The filed face looks like this:

Image

Now start again and repeat for the second rail, but in this case insert it in the jig upside down initially.

After which you will have a handed pair of point and splice rails from which to assemble your crossing vee.

regards,

Martin.
40 years developing Templot. And counting ...

User avatar
Martin Wynne
Posts: 809
Joined: Mon May 14, 2012 4:27 pm

Re: Crossing v filing jigs.

Postby Martin Wynne » Sun Feb 17, 2013 6:13 pm

I have posted these notes before on several forums, but they might be helpful again here. :)

You don't need expensive jigs to make a crossing vee. You can use a paper template printed from Templot, and do most of the work after assembly of the rails. This method results in solid metal at the tip and cleans up any slight alignment error and any stray solder.

In the diagram below I have greatly exaggerated the crossing angle for clarity. The rails are shown in cross-section along the rail -- yellow shows the rail head and foot, orange shows the web of the rail. This is for bullhead rail as shown:

Image

A is a prepared piece of rail with the end bent to the crossing angle, or slightly less. Allow a little extra on the overall length.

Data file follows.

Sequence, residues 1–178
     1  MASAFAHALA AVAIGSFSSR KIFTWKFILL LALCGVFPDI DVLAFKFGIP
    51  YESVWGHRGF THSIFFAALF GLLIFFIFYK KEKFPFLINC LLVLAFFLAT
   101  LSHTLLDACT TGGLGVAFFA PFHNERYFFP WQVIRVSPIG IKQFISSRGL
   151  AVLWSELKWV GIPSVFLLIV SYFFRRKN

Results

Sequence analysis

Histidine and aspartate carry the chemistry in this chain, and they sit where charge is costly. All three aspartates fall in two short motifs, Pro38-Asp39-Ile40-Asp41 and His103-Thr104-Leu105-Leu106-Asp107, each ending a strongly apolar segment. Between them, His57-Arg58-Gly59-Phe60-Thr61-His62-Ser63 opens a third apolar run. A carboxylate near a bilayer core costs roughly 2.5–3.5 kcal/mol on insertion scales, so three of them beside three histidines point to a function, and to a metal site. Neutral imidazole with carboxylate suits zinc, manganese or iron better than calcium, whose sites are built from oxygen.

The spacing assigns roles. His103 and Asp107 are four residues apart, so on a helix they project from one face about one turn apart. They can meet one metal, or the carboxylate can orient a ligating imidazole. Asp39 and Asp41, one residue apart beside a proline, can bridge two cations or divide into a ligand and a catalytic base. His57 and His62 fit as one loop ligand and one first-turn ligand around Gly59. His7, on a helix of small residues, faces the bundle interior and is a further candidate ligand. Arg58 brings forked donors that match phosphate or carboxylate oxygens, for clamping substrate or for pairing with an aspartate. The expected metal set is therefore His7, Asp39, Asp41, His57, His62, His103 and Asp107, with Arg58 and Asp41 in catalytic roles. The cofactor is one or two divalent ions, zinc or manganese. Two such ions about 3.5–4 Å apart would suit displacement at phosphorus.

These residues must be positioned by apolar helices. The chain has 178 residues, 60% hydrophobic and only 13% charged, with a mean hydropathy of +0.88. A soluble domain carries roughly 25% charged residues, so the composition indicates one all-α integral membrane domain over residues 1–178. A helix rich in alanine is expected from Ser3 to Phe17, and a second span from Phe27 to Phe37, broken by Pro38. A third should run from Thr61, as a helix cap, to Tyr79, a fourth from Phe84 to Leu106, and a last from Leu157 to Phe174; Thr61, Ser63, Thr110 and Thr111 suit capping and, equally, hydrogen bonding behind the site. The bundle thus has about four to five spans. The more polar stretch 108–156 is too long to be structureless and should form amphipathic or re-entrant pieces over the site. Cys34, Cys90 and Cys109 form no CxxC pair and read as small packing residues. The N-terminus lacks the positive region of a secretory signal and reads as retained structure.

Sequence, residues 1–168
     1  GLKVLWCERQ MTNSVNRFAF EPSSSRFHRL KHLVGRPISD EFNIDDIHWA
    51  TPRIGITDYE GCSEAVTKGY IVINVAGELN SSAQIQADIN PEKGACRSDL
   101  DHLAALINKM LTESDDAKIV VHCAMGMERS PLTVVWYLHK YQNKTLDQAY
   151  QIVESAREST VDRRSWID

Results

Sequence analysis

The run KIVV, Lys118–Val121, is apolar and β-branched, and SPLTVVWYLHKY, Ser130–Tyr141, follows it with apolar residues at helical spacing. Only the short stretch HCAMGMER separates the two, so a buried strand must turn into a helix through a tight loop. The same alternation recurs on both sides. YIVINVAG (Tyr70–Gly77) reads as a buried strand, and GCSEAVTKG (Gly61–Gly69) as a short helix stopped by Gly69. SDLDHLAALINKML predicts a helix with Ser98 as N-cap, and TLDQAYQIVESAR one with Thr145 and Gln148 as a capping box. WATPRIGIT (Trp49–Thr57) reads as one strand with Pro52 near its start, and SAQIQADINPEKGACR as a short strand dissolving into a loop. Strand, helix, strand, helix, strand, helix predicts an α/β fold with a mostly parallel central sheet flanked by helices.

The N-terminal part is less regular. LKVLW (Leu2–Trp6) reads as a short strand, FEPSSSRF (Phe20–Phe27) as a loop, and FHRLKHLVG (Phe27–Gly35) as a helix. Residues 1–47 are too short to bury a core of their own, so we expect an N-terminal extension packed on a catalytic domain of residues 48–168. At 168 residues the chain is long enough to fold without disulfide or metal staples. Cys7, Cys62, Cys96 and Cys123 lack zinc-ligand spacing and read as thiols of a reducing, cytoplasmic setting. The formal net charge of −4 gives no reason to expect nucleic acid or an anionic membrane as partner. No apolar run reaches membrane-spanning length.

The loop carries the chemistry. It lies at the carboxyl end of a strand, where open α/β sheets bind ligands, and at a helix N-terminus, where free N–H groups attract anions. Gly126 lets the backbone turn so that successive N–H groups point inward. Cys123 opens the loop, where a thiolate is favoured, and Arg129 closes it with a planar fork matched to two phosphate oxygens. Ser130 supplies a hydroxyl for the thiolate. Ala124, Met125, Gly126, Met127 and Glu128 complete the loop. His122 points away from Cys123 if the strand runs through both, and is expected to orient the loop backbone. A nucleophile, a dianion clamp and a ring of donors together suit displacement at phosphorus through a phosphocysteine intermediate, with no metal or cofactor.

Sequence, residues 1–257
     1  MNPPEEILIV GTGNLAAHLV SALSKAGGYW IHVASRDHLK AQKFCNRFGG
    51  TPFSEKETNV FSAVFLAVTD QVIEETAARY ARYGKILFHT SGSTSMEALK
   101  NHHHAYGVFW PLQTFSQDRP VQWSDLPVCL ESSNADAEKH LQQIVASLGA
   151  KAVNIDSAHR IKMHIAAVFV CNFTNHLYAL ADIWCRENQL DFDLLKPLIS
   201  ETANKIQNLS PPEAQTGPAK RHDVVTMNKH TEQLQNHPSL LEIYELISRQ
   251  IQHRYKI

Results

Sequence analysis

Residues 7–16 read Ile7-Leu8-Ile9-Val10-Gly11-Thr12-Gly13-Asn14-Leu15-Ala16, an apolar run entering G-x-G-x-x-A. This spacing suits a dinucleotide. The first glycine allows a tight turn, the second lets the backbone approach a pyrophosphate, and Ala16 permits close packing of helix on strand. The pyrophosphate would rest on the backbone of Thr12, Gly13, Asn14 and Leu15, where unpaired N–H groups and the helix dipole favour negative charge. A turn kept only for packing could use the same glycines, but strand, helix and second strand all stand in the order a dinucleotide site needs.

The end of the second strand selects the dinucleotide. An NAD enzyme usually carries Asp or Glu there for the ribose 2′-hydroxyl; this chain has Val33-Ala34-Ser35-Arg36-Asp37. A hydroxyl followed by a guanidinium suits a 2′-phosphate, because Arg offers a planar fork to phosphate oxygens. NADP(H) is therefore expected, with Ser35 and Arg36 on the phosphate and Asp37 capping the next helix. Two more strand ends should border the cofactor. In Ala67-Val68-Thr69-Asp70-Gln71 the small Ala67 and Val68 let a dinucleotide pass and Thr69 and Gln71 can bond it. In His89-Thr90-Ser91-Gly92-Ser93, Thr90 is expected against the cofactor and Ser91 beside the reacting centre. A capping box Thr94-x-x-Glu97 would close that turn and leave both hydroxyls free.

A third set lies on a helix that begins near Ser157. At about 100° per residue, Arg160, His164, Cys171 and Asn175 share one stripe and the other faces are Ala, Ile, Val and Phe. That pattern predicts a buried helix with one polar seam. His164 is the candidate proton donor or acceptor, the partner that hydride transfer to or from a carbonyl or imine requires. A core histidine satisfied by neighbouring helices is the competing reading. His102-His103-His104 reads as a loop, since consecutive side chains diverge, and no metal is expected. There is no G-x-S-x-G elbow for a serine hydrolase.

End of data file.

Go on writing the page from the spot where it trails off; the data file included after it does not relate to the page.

File it (or sand it on a sanding disc) down to the web, as at B. This makes the splice rail.

C is the same as A, but bent the other way to make the opposite hand. This makes the point rail. File a recess down to the web to receive the splice rail B, as shown.

D is a scrap length of rail, metal strip, copper laminate, etched kit fret, or similar.

Glue the paper template down to a small block of scrap wood.

Assemble B, C and D on the template as shown. They can be held down with drawing pins, screws and penny washers, wooden clothes pegs, or similar.

Solder B and C together at the tip, and lightly solder D in place across the rail tops as a temporary stiffener while filing/sanding. It can be left in place until you are actually building the track, and then the surplus vee rail ends are trimmed back as required.

If you will be using a sanding disc, use high-temperature solder because the rail gets hot while sanding. If necessary stop and dip it in a jar of cold water. Using high-temp solder also reduces the risk of it coming apart later if you are using soldered copper-clad track construction.

V is the result after filing as shown, or making two cuts on the sander. The bulk of the metal can be quickly removed with a coarse file or metal shears before finishing on the sander or with a fine file.

If sanding, note that the solder dust is toxic -- take precautions to contain it.

Note how this method results in solid metal at the tip with no undercut.

The final tasks are to blunt off the nose as shown, to a scale width of 3/4" (bullhead) or 5/8" (flat-bottom), and to re-instate the rail-head corner radius on the filed areas. A few strokes with a fine file and a final polish with abrasive paper will do that.

It's also a good idea to take a few thou off the top of the vee nose so that it dips down slightly below the level of the wing rails. This allows for the coning angle on the wheels as they run off the wing rail onto the nose, producing smoother running. You can see these features in the prototype here:

Image
© Mick Nicholson with thanks